ASSESS YOUR CULTURE
Do You Really Know Where Your Culture Stands?
One of the most common outcomes of the culture assessments I have performed for clients over the years is surprise, if not shock, at the "gaps" between different groups of employees in their understanding of "how we do things around here"!
Those "gaps" in understanding, in vision, in practice arise when:
- Mergers and acquisitions bring together different existing cultures;
- The pendulum swings too far between centralization and regional or department autonomy;
- Lack of consistent reinforcement of the common approach allows plenty of "drift" in individual units;
- Rapid change in markets, strategies, regulation, or other factors leave some employees behind, culturally speaking.
When "how we do things around here" means different things to different people, in different locations, in different roles, even the best strategies will fail to gain you a competitive advantage. A "tight" culture contributes too much to your success to leave it to assumptions or a "gut feeling".
Frankly, if you have not done an explicit assessment, you are probably overestimating the consistency of vision and practice across your institution.
How Culture Assessment Works
At its heart, the process is simple: we ask different groups of people the same questions and then focus on those questions where responses from these groups are very different. Board members may think that bankers are building relationships while the bankers think they are just taking orders. Branch managers may hear "conservative" frequently in credit discussions, but front-line credit staff may believe "do-able deal" is a more common phrase in their working environment.
What we are looking for are "gaps" in the responses, questions where different constituencies, if you will, have different opinions. (You can see those gaps in the actual responses shown in the graph to the right.) What matters is not that your front lines believe A, or B, or C, but that what they believe is different from what the leadership believes. What matters is not which practices and language management expects across the board, but the fact that Location 1 and Location 2 interpret those expectations differently. What matters is that the bankers and the credit analysts they work with have fundamentally different visions of the bank's standards, values, and practices.
Anonymous Surveys Provide Insights
Typically, institutions select the groups they want to compare -- grouping respondents by region or location is one common scheme, by job title is another -- and ask Jeff Judy & Associates to administer a survey. We collect the data electronically and summarize the results, highlighting those "gaps" or differences between different groups. By keeping all of the data collection and analysis outside the bank, anonymity can be assured, and respondents can answer questions truthfully without fear of their answers being challenged by, or even known to, their supervisors.
We use two surveys, depending on the needs and goals of the client:
- The Strategic Alignment Profile (SAP) is highly customizable. It can address primarily credit or business issues, or it can include broader questions that get at how management is perceived, how communications flow through the organization, how standards are maintained, and more.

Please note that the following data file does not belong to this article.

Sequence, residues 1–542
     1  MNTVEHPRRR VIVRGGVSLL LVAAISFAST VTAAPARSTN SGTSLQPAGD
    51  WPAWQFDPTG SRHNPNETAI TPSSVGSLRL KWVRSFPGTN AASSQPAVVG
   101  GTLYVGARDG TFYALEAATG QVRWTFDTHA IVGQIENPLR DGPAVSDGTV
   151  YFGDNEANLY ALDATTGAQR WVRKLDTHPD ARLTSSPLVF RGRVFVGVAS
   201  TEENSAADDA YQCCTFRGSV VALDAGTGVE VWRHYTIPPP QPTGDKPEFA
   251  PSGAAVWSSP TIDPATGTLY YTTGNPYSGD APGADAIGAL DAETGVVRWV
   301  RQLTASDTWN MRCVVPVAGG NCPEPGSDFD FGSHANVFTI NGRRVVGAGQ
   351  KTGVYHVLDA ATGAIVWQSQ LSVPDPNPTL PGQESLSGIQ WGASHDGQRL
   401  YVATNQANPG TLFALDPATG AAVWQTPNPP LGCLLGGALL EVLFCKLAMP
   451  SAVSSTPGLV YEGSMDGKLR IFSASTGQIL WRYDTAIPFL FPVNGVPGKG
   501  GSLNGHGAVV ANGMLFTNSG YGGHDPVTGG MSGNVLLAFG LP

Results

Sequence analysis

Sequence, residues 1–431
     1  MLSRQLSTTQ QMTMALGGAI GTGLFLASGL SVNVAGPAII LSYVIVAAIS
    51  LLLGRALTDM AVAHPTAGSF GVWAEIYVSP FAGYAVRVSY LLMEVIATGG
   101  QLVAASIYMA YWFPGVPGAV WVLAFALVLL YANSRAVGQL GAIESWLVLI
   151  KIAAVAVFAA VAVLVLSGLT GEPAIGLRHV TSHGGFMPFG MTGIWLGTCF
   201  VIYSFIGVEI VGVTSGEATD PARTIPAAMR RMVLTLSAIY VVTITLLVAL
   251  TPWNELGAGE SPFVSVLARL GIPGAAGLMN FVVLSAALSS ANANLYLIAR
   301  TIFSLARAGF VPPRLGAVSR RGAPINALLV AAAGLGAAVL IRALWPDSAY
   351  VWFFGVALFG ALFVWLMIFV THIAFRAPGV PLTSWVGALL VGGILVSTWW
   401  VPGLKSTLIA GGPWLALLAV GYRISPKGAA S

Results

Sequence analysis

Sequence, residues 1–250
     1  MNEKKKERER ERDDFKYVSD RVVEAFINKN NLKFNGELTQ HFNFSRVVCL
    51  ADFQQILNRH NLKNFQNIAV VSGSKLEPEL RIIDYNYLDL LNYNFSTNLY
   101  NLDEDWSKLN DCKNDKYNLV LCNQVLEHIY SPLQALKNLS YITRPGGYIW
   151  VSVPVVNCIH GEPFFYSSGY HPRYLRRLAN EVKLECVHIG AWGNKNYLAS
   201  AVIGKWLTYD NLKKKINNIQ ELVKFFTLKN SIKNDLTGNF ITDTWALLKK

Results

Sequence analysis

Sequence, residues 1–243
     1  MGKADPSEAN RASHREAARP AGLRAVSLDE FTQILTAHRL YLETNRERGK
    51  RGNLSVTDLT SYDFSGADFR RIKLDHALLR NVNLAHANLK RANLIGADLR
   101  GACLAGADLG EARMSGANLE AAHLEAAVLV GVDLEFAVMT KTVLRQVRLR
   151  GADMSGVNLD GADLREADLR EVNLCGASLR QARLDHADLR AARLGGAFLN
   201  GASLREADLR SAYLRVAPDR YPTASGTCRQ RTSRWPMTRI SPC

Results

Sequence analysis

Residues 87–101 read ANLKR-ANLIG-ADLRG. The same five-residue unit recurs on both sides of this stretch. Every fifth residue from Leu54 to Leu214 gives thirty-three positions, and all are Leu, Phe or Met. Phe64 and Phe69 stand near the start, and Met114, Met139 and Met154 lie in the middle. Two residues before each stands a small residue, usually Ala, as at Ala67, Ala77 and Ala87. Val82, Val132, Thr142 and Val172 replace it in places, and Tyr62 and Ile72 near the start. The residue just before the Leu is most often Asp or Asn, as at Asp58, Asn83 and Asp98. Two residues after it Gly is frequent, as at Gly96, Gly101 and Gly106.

- The Credit Culture Survey (originally developed by John McKinley and John Barriekiman) is limited to credit functions. It focuses tightly on credit vocabulary and practices, and will not address wider concerns about communication, general corporate values, and so on. Customization is limited to modifying question vocabulary to ensure understanding among participants, but the basic questions will always be the same. Because the same questions are used with every client, we can offer some insights into where your results show uncommon patterns or unusual "gaps."
For a convenient summary of our approach to assessment, and samples of the questions we have used, download my information packet on "Assessment Tools."
Assessment: Cost Factors
Because every assessment project is a unique combination of survey tools, response management, customization, and follow-up consultation, we develop individual quotes to match the goals and preferences of the client.
Here are the factors that go into your project cost:
- Number of Respondents. Naturally, the volume of processing will affect costs.
- Survey Customization. Most banks find these surveys more helpful if they at least change the wording of the questions to be more transparent to respondents. For example, do you want to refer to people as credit officers, loan officers, lenders, or bankers? For the SAP, a high degree of customization can be achieved by not only changing the wording, but by choosing questions to deal with specific areas of concern.
- Granularity of Analysis. Do you want to compare job titles? Geographic locations? Levels of experience? How many sub-categories do you need (e.g., four regions vs. eight)?
- Included Training/Consulting Services. If you know you have training needs around credit, say, or consulting needs around communication practices, booking them at the same time as you do the assessment can save you money in the long run. See "Repair Your Culture" for more about the training and communication support we offer.
All assessments include a presentation by conference call (up to two hours) to deliver the results of the survey, highlighting the key differences that need the most immediate attention to tighten the culture.
If you are interested in receiving a quote for culture assessment services, please download my Culture Assessment Planner, use it to guide your choices, and then contact me at Jeff@JeffJudy.com or at 952-903-0113 to discuss your needs.